My soon-to-be-released fourth book, How Not To Such At Estimating, will also be a course delivered through Restoration Technical Institutes' learning platform. The content is designed to help restoration professionals develop Habits for Better Project Outcomes. I will share at least 3 more elements to add to your estimating toolbag. If you are interested in peer-reviewing a chapter or would like to be considered to win one of 12 FREE copies for aspiring intentional estimators, please contact The DYOJO through the book's landing page.
My friend, the global restoration watchdog, Pete Consigli, didn’t lie. The AEML Winter Break in January 2022 was FABULOUS. He said, “Be there or be square," and the team delivered on a value packed event.
We had three days of information that was pertinent to mold assessors and remediator‘s, and so much more. Topics included:
A testament to the value that AEML brought to the microbial remediation industry was that the speakers were excited and engaged in the presentations from the other speakers. They often were the ones asking probing questions of each other to get a better understanding of the area of focus being discussed.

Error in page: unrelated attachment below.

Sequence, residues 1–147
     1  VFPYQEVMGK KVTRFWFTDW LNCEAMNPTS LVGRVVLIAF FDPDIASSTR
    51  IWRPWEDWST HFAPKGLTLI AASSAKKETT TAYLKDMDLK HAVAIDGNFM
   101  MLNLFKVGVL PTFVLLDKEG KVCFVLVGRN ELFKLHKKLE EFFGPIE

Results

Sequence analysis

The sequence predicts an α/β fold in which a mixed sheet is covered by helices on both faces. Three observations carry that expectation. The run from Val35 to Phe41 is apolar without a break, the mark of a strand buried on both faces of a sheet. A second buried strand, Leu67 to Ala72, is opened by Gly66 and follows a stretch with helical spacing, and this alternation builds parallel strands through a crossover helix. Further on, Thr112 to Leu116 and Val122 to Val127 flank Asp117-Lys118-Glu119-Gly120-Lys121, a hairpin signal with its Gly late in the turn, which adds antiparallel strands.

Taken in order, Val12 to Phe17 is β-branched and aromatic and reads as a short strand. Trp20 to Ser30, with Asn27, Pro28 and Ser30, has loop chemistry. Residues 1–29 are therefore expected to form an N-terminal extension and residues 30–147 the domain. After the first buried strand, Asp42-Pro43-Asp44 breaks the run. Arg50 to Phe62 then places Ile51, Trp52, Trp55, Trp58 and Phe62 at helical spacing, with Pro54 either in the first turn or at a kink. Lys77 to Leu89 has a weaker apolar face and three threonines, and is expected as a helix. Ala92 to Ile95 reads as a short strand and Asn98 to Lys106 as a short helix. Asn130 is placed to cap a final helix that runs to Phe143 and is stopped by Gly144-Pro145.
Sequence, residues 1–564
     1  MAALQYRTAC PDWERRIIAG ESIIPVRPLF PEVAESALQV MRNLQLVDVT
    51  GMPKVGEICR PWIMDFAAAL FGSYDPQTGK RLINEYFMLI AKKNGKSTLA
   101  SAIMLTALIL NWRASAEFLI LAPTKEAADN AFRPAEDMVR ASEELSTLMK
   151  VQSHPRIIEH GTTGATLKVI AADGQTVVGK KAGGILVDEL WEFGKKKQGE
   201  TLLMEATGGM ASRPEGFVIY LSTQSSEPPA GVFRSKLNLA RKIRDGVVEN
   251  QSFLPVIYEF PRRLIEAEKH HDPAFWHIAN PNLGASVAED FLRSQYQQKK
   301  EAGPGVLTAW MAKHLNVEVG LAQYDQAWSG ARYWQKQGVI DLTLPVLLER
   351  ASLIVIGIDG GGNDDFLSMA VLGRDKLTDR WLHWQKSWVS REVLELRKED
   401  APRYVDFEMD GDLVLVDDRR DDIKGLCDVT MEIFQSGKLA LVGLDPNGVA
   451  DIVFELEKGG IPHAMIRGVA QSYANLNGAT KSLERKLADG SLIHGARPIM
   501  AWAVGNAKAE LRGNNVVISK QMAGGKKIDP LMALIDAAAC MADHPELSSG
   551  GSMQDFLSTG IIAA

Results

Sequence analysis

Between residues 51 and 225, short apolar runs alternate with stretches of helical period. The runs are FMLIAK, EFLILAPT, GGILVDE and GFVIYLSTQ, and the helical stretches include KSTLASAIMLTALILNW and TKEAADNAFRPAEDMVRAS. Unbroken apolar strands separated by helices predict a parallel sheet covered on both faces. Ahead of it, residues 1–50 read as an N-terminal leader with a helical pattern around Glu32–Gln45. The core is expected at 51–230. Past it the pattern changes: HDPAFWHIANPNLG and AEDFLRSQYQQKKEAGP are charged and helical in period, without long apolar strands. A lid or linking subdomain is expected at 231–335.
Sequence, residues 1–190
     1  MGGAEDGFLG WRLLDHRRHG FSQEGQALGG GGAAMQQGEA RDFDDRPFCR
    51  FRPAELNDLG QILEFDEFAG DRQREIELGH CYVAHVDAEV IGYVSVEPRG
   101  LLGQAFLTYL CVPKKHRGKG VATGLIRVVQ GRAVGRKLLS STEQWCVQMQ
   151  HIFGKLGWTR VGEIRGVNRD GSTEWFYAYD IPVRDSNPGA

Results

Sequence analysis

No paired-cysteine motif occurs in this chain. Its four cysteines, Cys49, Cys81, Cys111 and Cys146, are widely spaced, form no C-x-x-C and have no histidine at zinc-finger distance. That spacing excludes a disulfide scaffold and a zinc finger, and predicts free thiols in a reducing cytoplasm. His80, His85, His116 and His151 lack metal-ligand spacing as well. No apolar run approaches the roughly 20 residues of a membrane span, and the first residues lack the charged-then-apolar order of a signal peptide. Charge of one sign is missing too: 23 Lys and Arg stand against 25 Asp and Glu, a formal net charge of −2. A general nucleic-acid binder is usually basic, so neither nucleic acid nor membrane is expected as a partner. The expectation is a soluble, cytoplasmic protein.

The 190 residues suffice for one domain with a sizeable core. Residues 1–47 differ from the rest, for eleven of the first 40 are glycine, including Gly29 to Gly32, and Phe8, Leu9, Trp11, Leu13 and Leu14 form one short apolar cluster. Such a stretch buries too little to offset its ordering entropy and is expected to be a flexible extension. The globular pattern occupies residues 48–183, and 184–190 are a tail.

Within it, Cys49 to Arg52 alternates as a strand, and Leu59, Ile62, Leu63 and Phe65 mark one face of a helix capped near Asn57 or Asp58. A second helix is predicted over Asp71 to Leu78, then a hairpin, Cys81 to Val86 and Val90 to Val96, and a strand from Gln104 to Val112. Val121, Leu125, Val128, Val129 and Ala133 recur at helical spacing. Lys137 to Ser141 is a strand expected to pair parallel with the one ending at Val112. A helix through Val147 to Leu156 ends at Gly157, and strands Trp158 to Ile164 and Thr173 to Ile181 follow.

If you want to know more about this event, and whet your appetite for 2024 when THE Florida Mold Conference returns:
We resume our series, The Xactimate Sessions. We are discussing the mindset and habits that have helped your peers in the insurance claims industry to elevate their scoping, estimating, and project management game. File 006 introduces the audience to Joyce Gabriel, a talented general manager for a full-service restoration company based in Tacoma, WA.
Listeners will remember when Joyce joined us for podcast episode 52 to discuss some of the powerful tools she has learned for connecting with and interacting with your team. Joyce rejoins the podcast and helps us explore the mindset and habits for effectively training your employees to understand and utilize the Xactimate estimating software.
Xactimate Podcast Discussion
The Xactimate Sessions from The DYOJO Podcast
File 006: Training Others In Xactimate
Season 3, Episode 75
Guest: Joyce Gabriel, General Manager (Tacoma, WA)
Our discussion includes appearances by these guests:
Sponsors of The DYOJO Podcast
The DYOJO Podcast New episodes of The DYOJO Podcast are released on Thursdays 9am PST via video through YouTube and/or audio is distributed through platforms such as Apple, Spotify, Google, etc. Learn more by visiting our website - YouTube.com/thedyojo